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    Do you have questions about celiac disease or the gluten-free diet?

Canadian Karen

A Mom Needs Help Here.....

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Hi. I also belong to a parenting forum and one of the moms e-mailed me about her children's diet (I post alot about gluten free and celiac). Anyway, this is her question:

I too have 2 threeyear old boys who were recently diagnosed as being severely intolerant to all wheat products, lactose, all dairy (milk, goat, sheep) products, corn, yeast, (along with the obvious ones like sugar, dyes, etc). As they are toddlers, I am going out of my mind trying to find things to make for them. They eat some veggies like green peppers and carrots, and will eat chicken and meatballs. They are getting tired of oatmeal and can only eat chewy yeast-free rye bread so many meals in a row before it gets boring!! They love fruit. Can you please help me find something to serve them other than oatmeal, pb(sugar free) on toast with bananas, and meatballs and baby carrots! They will not eat rice or potatoes, but will eat the brown rice pasta once in a while.

Thank you so much...this has been so stressful for me. Even the slightest dairy seems to set them off. For example, i gave them the instant oatmeal one day instead of the oldfashioned porridge, and realized later that it has modified milk ingredients in it, which set them off again.

HELP!! please..

Thanks guys! I have also directed her to this site too......

Hugs.

Karen

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Guest nini

her kids are still getting an awful lot of gluten with rye toast and oatmeal... I know she didn't say they are gluten intolerant, but she really needs to explore that.

definitely steer her to this site, I'll do my best to try to suggest some toddler friendly foods they can eat.

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Gosh, wish i could help her besides just sending her lots of hugs...have to look at her list again i do have a cereal i love that they might like as a snack or cereal..can they have almond breeze vanila milk subst.?

I'll try to find the cereal and post it if it matches her needs.

Has she read that great book, by Danna Korn (I think it is) my chiro has a 7 year old with celiac disease and chrons i'll try to ck out that book too.

bet you've already told her, have you karen?

judy

hi again,

just ck'd ingred of Bakery on Main granola and it has corn sorry.

Kids with Celiac Disease$ 17.95 by Danna Korn (books0012)

A Family Guide to Raising Happy, Healthy Gluten-Free Children.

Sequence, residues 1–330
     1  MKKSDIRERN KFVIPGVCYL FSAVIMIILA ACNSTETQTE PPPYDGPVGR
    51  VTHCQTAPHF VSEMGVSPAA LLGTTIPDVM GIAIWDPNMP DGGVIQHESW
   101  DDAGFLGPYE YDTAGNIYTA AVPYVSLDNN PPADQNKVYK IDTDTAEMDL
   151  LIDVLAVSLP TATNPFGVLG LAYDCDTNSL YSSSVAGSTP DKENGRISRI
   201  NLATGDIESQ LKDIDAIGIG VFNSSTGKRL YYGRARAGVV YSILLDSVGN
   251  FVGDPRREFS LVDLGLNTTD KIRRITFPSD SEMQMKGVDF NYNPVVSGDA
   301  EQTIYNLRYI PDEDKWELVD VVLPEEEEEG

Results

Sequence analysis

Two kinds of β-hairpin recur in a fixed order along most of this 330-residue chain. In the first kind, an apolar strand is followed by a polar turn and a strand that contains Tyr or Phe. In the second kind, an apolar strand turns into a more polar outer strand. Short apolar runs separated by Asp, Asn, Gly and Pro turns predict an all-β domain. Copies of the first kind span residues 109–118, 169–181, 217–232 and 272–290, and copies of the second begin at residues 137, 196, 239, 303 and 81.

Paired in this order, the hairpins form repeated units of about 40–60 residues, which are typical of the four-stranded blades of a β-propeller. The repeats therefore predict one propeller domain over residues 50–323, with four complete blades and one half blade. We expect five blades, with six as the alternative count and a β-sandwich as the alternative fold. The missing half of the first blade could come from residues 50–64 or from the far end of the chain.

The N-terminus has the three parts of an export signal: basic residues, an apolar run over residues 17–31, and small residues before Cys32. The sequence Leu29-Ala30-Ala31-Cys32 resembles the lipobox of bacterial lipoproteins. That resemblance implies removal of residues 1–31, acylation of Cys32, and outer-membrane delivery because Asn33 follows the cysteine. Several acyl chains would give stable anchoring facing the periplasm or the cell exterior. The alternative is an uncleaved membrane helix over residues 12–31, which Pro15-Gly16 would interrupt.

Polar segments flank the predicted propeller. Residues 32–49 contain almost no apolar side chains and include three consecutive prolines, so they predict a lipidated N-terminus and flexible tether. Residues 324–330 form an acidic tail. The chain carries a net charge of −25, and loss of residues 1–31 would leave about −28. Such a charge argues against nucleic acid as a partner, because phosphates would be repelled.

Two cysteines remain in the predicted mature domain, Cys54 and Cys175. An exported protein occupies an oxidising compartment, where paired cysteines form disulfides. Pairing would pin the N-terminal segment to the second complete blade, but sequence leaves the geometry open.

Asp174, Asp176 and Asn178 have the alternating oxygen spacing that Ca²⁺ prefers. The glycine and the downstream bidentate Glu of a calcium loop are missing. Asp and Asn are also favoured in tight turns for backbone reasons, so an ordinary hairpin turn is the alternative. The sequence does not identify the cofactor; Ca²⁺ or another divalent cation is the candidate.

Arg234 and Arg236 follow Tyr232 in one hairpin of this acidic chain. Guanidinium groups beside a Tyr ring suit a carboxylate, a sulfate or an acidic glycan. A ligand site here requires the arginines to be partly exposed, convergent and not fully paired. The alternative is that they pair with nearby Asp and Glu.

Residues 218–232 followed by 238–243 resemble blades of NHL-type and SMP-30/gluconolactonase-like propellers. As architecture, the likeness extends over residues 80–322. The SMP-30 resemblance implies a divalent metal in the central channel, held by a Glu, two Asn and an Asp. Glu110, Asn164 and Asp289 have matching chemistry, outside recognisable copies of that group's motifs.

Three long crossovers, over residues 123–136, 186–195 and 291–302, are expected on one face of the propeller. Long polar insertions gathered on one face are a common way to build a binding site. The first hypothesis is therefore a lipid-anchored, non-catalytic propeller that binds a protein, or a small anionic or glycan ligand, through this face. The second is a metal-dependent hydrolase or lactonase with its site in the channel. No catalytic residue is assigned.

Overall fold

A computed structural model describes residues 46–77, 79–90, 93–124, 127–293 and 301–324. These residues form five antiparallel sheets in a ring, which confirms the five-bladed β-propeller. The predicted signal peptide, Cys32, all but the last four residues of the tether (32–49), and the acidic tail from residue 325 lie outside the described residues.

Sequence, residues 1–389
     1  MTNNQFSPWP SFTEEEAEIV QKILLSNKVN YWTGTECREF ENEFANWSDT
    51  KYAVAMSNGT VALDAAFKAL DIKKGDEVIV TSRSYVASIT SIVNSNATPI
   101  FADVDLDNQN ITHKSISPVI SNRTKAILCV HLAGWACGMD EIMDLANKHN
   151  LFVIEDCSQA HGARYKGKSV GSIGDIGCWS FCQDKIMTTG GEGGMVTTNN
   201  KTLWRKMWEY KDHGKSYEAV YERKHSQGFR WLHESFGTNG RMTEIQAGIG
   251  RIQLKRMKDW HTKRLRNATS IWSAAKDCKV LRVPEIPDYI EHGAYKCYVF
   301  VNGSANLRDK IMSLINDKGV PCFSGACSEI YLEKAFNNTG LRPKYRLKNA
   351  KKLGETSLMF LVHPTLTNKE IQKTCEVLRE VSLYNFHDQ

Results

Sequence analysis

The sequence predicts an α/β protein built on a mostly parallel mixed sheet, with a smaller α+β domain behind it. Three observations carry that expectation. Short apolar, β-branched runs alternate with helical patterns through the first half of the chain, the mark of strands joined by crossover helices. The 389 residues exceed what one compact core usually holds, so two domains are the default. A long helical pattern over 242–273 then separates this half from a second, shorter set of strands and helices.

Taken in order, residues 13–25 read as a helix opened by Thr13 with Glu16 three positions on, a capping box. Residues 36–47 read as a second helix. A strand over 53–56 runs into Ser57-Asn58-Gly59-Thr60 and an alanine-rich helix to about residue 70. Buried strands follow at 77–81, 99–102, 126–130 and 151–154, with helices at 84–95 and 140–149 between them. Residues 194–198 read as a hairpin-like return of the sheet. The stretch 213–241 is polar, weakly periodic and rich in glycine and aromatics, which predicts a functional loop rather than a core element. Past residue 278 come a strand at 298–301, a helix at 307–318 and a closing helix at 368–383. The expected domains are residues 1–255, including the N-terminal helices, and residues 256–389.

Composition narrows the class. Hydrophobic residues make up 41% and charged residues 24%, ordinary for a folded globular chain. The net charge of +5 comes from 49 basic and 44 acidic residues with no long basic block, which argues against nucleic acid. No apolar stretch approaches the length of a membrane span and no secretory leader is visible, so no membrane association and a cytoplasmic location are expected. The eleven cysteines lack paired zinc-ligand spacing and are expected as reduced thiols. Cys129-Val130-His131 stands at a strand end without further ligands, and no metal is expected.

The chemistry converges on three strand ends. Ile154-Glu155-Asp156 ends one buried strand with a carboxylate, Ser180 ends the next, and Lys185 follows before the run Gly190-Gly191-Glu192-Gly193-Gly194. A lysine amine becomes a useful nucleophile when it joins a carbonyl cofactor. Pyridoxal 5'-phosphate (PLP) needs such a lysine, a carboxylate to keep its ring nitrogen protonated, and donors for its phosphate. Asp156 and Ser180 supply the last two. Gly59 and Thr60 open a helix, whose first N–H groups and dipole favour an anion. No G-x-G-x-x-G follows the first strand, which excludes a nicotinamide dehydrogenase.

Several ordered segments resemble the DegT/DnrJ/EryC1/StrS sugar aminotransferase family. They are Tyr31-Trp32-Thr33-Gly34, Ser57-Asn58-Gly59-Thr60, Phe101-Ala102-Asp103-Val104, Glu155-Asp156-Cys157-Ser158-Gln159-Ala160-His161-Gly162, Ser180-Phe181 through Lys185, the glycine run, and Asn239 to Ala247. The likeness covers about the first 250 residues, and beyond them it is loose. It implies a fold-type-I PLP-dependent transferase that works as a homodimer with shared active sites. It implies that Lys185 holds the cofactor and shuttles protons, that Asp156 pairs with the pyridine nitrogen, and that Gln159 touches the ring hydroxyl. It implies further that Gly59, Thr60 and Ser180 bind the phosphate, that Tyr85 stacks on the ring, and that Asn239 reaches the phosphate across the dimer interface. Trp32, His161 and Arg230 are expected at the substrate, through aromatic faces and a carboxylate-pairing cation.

I thought the children were gluten-free. guess i missed something here. thought they were off wheat.???

judy

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The book Incredible, Edible Gluten Free Foods for Kids (I think that's what it's called) is great and has lots of easy and kid-friendly recipes. It's a good place for a "newbie" to start. A lot of the recipes have dairy, but many of them can use rice or almond milk.

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Hi all,

Thank you for your advice (thanks Karen for posting me), I am the mom seeking the advice here. On the testing that was done, my kids did not test intolerant for gluten, which is why I am still giving them the yeast-free rye bread. I will try some of the cookbooks suggested, I am feeling overwhelmed because of the time it is taking to find the foods and try new things (the boys just turned 3 and I have a 6 month old at home as well). Can I ask what type of testing most of you used to determine intolerances or allergies? Mine were taken for electrodermal testing but my gp doesn't put much faith in it. I know that it is accurate b/c two days after I took them off wheat and dairy (and all the other things), their bms improved dramatically.

What about a dietitian? Should I see one? I didn't realize how many different symptoms could be from these intolerances...it makes me question my own diet. Also, one of my friends wondered if it might be candida? I'm such a newbie, I have so many questions, I don't really even know where to start.

Lost...(I'm sure this isn't even really a big deal compared to what some of you are going through with allergies and everything, but right now it seems mountainous!)

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I'm checking on some products.

Chebe bread mixes are a good start for different bread. You will have to watch your additions for the mixes. Keep offering all fruits and vegetables. (Not that I really consider this the best advice, but we just adopted a bunny. The kids are eating more fresh vegetables, as they prepare Esbaugh's snacks.)

It is overwhelming at first. Be patient with yourself. I think you will find some major support here.

Laura

(By the way every one of my tests came back negative for Celiac, but trust me bad things happen if it gets in my body. The gluten free diet could help heal their guts faster)